In Saudi Arabia, SAMA requires binding control standards. Insurers are required to define a control policy and to effectively combat money laundering. The regulations therefore require insurance companies to establish appropriate internal controls and procedures enabling them to check their compliance with the requirements of the regulatory framework. Furthermore, insurance companies are required to hold records demonstrating compliance of their transactions with the insurance legislation particularly in terms of risk management strategy and organization.

In practical terms, Saudi insurers have established a charter of quality and compliance that defines the:

  • organizational chart of the company with reference to the position of the compliance officer,
  • customer approach,
  • confidentiality of information processed,
  • information provided by the insured,
  • information contained in the insurance policy,
  • claims management policy,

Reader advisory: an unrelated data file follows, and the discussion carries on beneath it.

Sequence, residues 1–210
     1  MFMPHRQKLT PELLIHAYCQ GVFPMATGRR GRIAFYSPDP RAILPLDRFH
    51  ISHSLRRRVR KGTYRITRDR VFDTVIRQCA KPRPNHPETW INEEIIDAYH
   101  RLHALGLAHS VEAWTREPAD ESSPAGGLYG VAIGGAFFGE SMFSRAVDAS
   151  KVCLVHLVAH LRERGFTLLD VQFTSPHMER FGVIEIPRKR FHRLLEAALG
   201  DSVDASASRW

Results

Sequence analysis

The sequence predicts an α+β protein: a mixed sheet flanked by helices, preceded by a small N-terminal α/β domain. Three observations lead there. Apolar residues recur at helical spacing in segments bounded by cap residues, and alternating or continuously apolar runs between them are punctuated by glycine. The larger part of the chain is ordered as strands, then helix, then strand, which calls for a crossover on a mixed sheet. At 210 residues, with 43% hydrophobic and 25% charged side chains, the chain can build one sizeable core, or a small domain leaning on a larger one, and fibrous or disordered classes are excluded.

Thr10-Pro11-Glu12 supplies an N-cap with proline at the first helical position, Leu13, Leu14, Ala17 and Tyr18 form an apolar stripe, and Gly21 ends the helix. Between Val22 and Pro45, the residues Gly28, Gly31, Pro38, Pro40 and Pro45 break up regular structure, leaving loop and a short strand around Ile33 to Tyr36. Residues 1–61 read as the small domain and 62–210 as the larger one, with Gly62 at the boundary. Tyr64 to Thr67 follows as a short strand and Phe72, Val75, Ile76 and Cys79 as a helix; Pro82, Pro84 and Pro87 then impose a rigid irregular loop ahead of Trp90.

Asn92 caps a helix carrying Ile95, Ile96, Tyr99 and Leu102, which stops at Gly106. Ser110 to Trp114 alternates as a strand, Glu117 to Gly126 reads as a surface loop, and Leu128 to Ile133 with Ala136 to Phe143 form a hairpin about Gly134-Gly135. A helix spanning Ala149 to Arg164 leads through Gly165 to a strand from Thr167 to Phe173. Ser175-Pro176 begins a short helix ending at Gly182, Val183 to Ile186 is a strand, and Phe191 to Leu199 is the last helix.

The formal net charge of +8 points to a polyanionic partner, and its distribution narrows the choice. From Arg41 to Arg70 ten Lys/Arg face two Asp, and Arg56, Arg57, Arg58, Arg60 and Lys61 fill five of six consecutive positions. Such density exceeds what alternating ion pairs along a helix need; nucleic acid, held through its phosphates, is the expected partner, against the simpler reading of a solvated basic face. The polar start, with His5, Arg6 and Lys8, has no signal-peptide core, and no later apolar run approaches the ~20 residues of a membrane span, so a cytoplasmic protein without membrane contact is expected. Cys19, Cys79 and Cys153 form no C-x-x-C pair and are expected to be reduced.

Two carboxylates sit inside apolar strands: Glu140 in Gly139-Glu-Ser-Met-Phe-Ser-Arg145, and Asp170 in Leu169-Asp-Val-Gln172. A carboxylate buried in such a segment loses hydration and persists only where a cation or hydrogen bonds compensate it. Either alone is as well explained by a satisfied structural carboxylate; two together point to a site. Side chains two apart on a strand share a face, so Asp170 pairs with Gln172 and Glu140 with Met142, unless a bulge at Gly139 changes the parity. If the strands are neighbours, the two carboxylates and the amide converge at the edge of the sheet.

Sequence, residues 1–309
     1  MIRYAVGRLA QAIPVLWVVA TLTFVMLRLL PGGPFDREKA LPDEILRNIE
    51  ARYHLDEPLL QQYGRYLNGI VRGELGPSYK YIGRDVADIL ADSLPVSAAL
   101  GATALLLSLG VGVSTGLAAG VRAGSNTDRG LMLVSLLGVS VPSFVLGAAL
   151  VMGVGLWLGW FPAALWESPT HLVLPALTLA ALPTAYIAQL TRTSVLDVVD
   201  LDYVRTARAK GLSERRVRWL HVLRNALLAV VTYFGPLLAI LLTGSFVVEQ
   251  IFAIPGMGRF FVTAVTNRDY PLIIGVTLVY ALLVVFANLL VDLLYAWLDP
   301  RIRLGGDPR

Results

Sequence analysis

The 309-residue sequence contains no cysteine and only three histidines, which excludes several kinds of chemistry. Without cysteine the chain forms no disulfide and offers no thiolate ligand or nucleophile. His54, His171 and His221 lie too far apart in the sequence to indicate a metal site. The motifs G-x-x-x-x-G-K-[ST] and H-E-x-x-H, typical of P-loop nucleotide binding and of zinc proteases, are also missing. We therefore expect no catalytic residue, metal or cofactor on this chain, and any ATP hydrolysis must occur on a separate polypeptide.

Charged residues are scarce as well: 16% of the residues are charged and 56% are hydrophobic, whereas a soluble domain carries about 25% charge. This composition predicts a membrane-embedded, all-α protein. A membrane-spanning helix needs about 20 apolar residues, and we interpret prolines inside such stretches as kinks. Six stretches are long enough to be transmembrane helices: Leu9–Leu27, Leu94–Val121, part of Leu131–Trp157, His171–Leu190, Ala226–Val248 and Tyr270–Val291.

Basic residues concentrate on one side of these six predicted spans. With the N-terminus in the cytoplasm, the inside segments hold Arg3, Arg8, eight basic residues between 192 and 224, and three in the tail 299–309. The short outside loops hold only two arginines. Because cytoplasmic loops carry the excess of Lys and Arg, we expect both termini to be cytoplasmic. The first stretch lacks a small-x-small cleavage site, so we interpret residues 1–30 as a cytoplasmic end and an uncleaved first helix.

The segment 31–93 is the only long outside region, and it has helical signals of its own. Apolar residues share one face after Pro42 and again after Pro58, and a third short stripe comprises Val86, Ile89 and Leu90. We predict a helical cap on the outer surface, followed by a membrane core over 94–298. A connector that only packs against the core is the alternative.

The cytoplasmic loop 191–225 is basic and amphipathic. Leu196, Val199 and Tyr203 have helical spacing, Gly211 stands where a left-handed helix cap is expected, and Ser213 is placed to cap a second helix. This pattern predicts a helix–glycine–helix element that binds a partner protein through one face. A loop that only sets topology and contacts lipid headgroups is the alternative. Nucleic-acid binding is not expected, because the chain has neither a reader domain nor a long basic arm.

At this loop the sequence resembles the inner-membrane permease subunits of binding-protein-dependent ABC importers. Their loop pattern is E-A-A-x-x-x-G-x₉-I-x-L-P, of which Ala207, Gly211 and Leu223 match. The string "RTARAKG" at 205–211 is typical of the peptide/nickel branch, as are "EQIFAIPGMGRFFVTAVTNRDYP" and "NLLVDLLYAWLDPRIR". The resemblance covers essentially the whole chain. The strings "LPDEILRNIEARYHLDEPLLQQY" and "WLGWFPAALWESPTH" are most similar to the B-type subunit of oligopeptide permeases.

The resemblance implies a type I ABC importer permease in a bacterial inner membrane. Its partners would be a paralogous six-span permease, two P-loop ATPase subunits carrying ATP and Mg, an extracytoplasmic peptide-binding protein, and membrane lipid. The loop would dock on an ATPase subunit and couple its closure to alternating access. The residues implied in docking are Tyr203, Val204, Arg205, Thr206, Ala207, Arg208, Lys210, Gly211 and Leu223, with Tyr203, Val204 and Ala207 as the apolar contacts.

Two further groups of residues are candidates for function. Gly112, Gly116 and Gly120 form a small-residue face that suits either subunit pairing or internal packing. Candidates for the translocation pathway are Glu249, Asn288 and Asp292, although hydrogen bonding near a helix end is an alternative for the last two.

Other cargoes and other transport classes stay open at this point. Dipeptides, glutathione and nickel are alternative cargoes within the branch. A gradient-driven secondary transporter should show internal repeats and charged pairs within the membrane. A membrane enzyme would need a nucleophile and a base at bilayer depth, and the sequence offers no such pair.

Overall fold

• grievances management policy.

In Morocco, like the obligations introduced by Solvency II, the market’s supervisory authority, the Direction des Assurances et de la Prévoyance) (DAPS), has been working since 2008 on the internal control and risk management project. The establishment of structures for measuring and managing internal risks (financial, technical, operational risks, etc.) has been tested. The companies were tasked with working on the development of risk mapping and on the elaboration of an internal control device. They were asked to establish and monitor administrative and accounting procedures and to set up a reporting on internal control.

The organization of the compliance function

The compliance function is an internal control function that complements those already existing in insurance companies: actuarial function, internal audit, and risk management.